entered this chateau if I had anything to reproach myself with, or to

"I rush to report that lofty answer!" cried the fool.

Two hours later, that is, about one o'clock in the afternoon, before
the king's dinner, the chancellor and Cardinal de Tournon came to
fetch the prince and present him to Francois II. in the great gallery
of the chateau of Amboise, where the councils were held. There, before
the whole court, Conde pretended surprise at the coldness with which
the little king received him, and asked the reason of it.

"You are accused, cousin," said the queen-mother, sternly, "of taking
part in the conspiracy of the Reformers; and you must prove yourself a
faithful subject and a good Catholic, if you do not desire to draw
down upon your house the anger of the king."

Hearing these words said, in the midst of the most profound silence,
by Catherine de' Medici, on whose right arm the king was leaning, the
Duc d'Orleans being on her left side, the Prince de Conde recoiled
three steps, laid his hand on his sword with a proud motion, and
looked at all the persons who surrounded him.

"Those who said that, madame," he cried in an angry voice, "lied in
their throats!"

Then he flung his glove at the king's feet, saying: "Let him who
believes that calumny come forward!"

The whole court trembled as the Duc de Guise was seen to leave his
place; but instead of picking up the glove, he advanced to the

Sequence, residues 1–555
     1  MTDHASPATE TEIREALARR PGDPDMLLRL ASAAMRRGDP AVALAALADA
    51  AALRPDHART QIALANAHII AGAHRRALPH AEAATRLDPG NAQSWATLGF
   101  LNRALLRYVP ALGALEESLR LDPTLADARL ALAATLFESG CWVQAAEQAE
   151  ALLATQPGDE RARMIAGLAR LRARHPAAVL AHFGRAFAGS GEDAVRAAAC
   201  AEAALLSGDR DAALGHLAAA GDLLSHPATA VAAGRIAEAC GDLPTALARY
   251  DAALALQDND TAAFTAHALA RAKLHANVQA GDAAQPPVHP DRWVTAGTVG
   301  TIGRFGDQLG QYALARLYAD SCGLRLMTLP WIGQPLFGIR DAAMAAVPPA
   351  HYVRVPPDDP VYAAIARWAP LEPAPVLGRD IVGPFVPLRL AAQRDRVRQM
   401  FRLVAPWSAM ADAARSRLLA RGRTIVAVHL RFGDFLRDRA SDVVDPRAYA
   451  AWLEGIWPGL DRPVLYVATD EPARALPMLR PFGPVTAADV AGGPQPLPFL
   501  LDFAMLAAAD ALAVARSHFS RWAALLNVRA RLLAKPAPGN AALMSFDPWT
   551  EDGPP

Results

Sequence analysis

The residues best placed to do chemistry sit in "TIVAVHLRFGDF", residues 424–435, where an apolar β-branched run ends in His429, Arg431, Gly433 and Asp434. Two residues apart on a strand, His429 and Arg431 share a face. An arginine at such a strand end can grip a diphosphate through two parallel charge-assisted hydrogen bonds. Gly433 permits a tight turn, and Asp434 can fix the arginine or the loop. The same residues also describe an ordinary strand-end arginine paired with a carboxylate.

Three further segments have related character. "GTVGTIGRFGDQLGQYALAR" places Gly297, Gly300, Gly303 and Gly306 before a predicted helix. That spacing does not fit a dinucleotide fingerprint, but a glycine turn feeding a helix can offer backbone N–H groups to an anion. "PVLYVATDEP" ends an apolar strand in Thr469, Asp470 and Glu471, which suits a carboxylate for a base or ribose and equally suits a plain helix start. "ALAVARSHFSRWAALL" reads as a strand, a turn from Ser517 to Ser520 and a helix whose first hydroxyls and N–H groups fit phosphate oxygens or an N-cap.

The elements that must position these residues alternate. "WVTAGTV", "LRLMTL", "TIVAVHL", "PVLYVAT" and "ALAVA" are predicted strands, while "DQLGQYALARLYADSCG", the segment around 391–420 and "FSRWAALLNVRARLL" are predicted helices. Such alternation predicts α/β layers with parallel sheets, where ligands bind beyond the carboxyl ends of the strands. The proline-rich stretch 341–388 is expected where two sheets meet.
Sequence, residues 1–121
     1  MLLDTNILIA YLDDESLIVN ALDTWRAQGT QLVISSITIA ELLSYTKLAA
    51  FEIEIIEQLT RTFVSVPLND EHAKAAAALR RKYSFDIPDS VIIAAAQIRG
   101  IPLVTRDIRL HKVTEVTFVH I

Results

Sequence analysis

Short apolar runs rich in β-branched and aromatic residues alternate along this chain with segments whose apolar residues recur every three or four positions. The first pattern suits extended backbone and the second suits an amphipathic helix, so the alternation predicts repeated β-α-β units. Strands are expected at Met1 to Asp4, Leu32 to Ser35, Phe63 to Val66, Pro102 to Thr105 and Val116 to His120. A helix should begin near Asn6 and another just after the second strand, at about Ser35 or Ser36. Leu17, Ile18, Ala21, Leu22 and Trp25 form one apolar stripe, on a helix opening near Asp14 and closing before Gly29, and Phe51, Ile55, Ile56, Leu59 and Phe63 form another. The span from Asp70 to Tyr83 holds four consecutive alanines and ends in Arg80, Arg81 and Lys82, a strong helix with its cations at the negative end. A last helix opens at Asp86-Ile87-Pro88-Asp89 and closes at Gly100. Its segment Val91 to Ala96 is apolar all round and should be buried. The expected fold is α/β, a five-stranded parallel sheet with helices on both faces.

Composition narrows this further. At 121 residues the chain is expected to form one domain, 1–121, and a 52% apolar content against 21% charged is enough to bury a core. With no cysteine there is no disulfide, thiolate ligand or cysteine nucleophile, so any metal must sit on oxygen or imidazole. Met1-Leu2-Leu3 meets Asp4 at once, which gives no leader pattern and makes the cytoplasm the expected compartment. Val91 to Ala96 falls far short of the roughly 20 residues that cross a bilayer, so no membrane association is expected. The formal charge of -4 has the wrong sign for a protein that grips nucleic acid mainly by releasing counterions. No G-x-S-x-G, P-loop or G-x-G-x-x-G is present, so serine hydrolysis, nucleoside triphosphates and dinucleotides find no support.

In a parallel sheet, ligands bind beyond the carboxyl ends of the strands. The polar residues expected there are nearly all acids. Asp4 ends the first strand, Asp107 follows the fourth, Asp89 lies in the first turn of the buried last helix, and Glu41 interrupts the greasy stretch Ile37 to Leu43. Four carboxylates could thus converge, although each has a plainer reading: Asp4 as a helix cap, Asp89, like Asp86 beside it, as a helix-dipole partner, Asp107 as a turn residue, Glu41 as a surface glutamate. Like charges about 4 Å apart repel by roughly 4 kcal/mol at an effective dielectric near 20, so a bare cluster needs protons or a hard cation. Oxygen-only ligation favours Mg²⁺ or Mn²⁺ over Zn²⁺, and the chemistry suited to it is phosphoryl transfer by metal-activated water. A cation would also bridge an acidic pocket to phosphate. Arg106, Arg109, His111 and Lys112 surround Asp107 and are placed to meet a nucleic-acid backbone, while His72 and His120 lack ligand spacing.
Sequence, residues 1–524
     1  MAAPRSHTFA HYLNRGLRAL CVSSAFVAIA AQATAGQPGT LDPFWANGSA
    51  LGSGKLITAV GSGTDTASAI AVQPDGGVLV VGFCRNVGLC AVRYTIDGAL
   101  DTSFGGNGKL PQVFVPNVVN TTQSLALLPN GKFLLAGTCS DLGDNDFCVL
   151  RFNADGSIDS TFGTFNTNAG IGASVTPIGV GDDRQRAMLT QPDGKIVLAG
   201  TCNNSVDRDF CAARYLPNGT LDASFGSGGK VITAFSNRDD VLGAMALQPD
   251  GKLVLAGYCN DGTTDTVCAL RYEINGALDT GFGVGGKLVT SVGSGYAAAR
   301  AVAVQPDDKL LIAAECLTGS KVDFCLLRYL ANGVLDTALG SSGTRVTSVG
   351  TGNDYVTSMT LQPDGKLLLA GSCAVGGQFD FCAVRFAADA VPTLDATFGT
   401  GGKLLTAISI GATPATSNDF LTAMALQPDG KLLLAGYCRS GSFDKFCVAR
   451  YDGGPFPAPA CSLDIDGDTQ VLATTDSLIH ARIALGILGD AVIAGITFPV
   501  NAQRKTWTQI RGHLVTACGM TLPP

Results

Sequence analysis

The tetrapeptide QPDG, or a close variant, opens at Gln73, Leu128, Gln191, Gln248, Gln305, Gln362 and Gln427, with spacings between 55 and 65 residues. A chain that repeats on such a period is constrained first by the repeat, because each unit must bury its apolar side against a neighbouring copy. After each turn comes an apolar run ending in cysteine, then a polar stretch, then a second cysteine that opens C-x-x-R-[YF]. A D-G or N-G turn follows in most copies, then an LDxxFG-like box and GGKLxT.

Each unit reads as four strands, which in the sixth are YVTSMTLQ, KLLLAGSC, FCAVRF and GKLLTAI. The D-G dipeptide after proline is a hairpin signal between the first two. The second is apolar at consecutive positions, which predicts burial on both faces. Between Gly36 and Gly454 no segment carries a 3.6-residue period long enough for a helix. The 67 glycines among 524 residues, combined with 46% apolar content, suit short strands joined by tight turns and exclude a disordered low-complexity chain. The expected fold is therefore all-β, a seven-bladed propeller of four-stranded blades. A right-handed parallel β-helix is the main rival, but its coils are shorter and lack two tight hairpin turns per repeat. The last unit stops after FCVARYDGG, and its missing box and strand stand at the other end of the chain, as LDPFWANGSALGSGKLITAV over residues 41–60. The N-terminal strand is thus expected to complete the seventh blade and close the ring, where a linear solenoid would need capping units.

intrepid hunchback.

"If you desire a second in that duel, monseigneur, do me the honor to
accept my services," he said. "I will answer for you; I know that you
will show the Reformers how mistaken they are if they think to have
you for their leader."

The prince was forced to take the hand of the lieutenant-general of
the kingdom. Chicot picked up the glove and returned it to Monsieur de

"Cousin," said the little king, "you must draw your sword only for the
defence of the kingdom. Come and dine."

The Cardinal de Lorraine, surprised at his brother's action, drew him
away to his own apartments. The Prince de Conde, having escaped his
apparent danger, offered his hand to Mary Stuart to lead her to the
dining hall; but all the while that he made her flattering speeches he
pondered in his mind what trap the astute Balafre was setting for him.
In vain he worked his brains, for it was not until Queen Mary herself
betrayed it that he guessed the intention of the Guises.

"'Twould have been a great pity," she said laughing, "if so clever a
head had fallen; you must admit that my uncle has been generous."

"Yes, madame; for my head is only useful on my shoulders, though one
of them is notoriously higher than the other. But is this really your